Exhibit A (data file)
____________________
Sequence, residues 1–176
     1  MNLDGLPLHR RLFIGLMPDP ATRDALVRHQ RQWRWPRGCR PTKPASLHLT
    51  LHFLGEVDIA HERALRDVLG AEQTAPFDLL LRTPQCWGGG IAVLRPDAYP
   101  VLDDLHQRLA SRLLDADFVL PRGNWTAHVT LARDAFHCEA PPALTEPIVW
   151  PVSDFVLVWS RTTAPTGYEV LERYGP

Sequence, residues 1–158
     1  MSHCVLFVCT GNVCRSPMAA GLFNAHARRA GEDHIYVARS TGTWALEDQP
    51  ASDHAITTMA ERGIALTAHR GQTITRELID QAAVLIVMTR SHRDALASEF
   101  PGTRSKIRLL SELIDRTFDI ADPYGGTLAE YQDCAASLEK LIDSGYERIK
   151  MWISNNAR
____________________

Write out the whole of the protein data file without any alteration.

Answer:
Sequence, residues 1–176
     1  MNLDGLPLHR RLFIGLMPDP ATRDALVRHQ RQWRWPRGCR PTKPASLHLT
    51  LHFLGEVDIA HERALRDVLG AEQTAPFDLL LRTPQCWGGG IAVLRPDAYP
   101  VLDDLHQRLA SRLLDADFVL PRGNWTAHVT LARDAFHCEA PPALTEPIVW
   151  PVSDFVLVWS RTTAPTGYEV LERYGP

Sequence, residues 1–158
     1  MSHCVLFVCT GNVCRSPMAA GLFNAHARRA GEDHIYVARS TGTWALEDQP
    51  ASDHAITTMA ERGIALTAHR GQTITRELID QAAVLIVMTR SHRDALASEF
   101  PGTRSKIRLL SELIDRTFDI ADPYGGTLAE YQDCAASLEK LIDSGYERIK
   151  MWISNNAR